Ford Reaffirms There Will Be No Erosion in U.S. -israel Friendship
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Ford Reaffirms There Will Be No Erosion in U.S. -israel Friendship

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President Ford personally and publicly has reaffirmed that “there has not and will not be any erosion of American-Israel friendship” and emphasized that “our role in supporting Israel honors our own heritage.” In issuing this reassurance during an address to some 1000 persons attending the American Jewish Committee’s 70th annual meeting here last Thursday night, the President also declared:

“While America must and will pursue friendship with all nations, this will never be done at the expense of America’s commitment to Israel.” This statement evoked the loudest applause during his address. Ford affirmed that “Our commitment to Israel will meet the test of American, steadfastness and resolve. My Administration will not be found wanting.” He also stressed that America “will remain the ultimate guarantor of Israel’s freedom.”

Ford’s address, at the AJCommittee’s annual dinner, confirmed in effect the pledges made to Israel by Secretary of State Henry A, Kissinger in the Chizuk Amuno Synagogue in Baltimore five nights before. The President, who received four standing ovations, was the second Chief Executive to appear at an AJCommittee function. President Lyndon B. Johnson attended the AJCommittee’s 60th anniversary meeting in 1966.


While he emphasized his support to Israel, Ford also indicated his Administration would continue to press for Israeli withdrawal from territories it occupied in the Six-Day War as a means to achieve a peace settlement and that he does not favor funds for Israel beyond the $4.4 billion he has recommended for the 27-month period ending Sept. 30, 1977.

Israeli supporters in Congress believe the funds should be increased by a half billion dollars to take into account the three months between the end of the current fiscal year and the start of fiscal 1977. Legislation on the long-overdue foreign aid is facing another showdown in Congress this week.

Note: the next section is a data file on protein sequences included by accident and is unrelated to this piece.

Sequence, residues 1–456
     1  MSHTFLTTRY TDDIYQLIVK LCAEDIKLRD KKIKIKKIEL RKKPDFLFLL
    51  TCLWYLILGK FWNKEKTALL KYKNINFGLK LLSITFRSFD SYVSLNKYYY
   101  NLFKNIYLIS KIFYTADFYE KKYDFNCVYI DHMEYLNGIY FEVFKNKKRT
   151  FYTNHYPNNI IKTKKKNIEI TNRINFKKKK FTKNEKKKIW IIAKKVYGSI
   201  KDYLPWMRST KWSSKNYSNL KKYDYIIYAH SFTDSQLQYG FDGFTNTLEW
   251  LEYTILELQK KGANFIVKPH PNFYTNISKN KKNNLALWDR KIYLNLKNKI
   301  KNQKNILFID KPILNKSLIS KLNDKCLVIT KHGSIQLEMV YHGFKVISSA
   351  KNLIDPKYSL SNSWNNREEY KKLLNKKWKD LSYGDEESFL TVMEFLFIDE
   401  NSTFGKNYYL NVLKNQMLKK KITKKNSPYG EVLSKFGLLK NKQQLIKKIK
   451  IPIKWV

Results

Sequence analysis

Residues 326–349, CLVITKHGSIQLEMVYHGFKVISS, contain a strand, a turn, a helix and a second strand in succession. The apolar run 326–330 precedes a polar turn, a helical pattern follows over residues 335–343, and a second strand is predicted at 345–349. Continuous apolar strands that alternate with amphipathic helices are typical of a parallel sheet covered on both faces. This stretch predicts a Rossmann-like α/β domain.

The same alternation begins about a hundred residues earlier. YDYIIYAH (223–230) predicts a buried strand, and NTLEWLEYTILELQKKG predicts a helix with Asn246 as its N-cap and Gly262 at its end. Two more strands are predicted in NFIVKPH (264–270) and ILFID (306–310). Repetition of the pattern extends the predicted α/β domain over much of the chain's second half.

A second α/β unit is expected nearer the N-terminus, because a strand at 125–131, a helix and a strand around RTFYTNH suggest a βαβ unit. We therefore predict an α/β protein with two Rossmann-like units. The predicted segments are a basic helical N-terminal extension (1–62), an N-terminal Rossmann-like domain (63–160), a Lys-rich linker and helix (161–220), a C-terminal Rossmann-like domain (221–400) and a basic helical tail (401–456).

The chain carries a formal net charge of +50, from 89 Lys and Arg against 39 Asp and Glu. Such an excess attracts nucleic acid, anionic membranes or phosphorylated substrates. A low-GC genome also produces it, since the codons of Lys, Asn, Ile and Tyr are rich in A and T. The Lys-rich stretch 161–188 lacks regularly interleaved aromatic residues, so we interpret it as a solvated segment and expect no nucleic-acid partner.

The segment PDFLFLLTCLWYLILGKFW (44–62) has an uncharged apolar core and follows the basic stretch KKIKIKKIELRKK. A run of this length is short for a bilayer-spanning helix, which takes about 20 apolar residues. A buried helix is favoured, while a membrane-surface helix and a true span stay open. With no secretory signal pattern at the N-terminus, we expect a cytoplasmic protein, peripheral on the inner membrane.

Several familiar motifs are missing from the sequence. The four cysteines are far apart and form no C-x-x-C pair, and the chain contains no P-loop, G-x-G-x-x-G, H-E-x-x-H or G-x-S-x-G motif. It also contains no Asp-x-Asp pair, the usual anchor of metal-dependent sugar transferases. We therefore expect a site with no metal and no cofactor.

“We appreciate Israel’s dilemma in moving towards peace,” Ford said with reference to the administered areas. “Israel is asked to relinquish territory–a concrete and essentially irreversible step–in return for basically intangible political measures but it is only willingness to dare the exchange of the tangible for the intangible that hostility can be ended and peace attained.”

On the funding, he said he favors aid to Israel of more than $4 billion in the two budgets he has submitted to Congress “because it is so clearly in the national security interest of the United State and so essential to preserve and promote peace in the Middle East.”


Following the President to the rostrum, Israel Ambassador Simcha Dinitz, after thanking Ford, Congress and the American people for their continuing support of Israel, pointedly alluded to two pillars of Israeli policy.

With the President listening intently, a few feet away, Dinitz observed that Israel’s independence began in the bills of Judaea and the streets of Jerusalem 4000 years ago, apparently in reference to Israel’s insistence on some territorial security and Jerusalem as its capital.

After four wars and 28 years of statehood, Israel “has not won peace because the Arabs have not acquiesced to the thesis of an independent existence of the Jewish State,” Dinitz emphasized. “This is the heart of the problem and the core of the issue,” he said, to applause.


Ford’s appearance and speech were widely considered in and out of the media as having national political overtones in view of the taut Presidential primaries taking place and the national election to come. But a highly-placed Israeli Embassy officer, when asked for his opinion, declared that his feeling was only that the address was “the warmest a President has ever made about Israel.”

The President was introduced by Max Fisher, the Detroit industrialist who is honorary chairman of the AJCommittee’s National Executive Council and an intimate friend and counselor to the President. Lawrence Cardinal Sheehan, Archbishop of Baltimore, and Clarence Mitchell, director of the Washington bureau of the NAACP, were other speakers. The guests included ambassadors and leaders of a dozen foreign countries and high officials of the U.S. government.

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